The Best Criminal Justice Career Path

legal system

Is criminal justice a good career path? The criminal justice system consists of agencies responsible for the detention and supervision of offenders, such as law enforcement agencies, the judicial service, and prison and probation services. The Ministry of Justice supervises the activities of these institutions.

Criminal justice degrees can lead to opportunities in law enforcement and counseling. They can be a good fit for many aspiring professionals. Here you can learn about the various criminal justice career options and the projected job outlook for those positions.

What is criminal justice?

criminal justice word abstract in vintage letterpress wood type

Criminal justice refers to the statutes, regulations, and organizations that hold offenders responsible for their unlawful actions. The criminal justice system consists of agencies and state agencies, including the FBI, other federal agencies, local, state, and federal courts, prisons, and local and state police forces. The purpose of the system is to identify crimes and the criminals who commit them. In this system, criminals are tried, detained, and punished for breaking the law.

Suppose you are interested in learning about the different parts of the criminal justice system and how it works. In that case, you may be interested in studying criminal justice. Or, if you’re passionate about upholding the law and making sure criminals are held accountable for their actions, or if you plan to one day attend law school, studying criminal justice might be right for you.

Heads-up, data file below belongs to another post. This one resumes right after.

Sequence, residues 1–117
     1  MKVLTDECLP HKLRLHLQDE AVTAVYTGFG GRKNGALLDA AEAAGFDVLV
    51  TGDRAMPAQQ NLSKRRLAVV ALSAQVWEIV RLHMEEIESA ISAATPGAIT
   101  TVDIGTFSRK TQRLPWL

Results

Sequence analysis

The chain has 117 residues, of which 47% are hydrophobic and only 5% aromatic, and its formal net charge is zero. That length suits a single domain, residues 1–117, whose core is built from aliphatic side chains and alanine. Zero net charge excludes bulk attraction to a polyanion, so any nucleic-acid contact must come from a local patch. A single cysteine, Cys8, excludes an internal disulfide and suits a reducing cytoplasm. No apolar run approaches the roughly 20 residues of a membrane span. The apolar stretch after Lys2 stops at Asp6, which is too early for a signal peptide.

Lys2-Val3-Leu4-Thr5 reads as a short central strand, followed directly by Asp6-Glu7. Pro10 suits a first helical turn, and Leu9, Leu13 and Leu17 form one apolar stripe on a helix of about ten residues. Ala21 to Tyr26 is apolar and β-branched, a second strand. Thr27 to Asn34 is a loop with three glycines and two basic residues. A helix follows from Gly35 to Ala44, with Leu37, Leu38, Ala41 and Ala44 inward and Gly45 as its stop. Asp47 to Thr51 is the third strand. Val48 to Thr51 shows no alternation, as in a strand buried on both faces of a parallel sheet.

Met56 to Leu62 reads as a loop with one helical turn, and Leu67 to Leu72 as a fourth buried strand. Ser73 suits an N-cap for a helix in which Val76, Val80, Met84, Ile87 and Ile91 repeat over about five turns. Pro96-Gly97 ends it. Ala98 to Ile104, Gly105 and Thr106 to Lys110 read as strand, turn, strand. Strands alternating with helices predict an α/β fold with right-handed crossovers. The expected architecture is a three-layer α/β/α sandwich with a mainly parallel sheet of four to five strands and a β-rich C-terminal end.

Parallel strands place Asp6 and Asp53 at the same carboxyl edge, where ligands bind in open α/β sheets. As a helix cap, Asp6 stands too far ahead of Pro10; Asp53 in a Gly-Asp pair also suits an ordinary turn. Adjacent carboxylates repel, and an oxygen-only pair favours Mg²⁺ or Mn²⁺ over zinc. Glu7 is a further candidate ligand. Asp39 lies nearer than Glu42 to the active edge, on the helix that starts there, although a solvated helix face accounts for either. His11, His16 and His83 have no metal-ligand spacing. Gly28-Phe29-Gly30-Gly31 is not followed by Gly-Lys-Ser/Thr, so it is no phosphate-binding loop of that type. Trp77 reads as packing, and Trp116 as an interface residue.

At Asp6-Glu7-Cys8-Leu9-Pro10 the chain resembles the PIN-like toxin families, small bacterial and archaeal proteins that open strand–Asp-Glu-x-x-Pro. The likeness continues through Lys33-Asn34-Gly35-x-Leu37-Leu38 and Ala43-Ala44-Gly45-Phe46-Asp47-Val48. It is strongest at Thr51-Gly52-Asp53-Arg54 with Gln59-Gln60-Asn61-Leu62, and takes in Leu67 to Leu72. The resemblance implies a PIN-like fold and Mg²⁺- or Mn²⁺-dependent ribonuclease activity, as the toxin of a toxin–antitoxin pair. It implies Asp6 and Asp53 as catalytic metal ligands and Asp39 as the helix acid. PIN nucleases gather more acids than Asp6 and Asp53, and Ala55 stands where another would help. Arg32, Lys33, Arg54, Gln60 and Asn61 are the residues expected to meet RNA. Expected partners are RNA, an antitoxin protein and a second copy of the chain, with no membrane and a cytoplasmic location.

To work in a field like criminal justice, you need to have various skills. Because there are many job duties that you play a role in this field, some of the skills that apply to a criminal justice degree include strong verbal and written communication skills, the ability to conduct research, excellent computer skills, and the ability to collaborate with other departments or agencies as well as the general public.

List of graduate jobs in criminal justice

Many students who select a criminal justice major enter careers in law enforcement, prisons, and other areas of the criminal justice job market right after graduating from criminal justice institutions with an authorized criminal justice degree program. Some pupils continue to graduate or law school. Here are a few of the most sought-after employment options for criminal justice degree holders.

Forensic laboratory and its employee investigating evidence. Criminal Justice a Good Career path?

Police officer

  •   Education Requirements: Associates or Bachelors
  •   Expected job growth: 7% increase
  •   Places of employment: Local, state, and federal governments
  •   Average salary: $55,010

Police officers work to enforce laws at the local, state, or federal level, protecting the lives of citizens. Their responsibilities include patrolling the area to ensure welfare and safety, responding to crime-related calls, complaints, and suspicious activity, reporting incidents, issuing citations, and making arrests.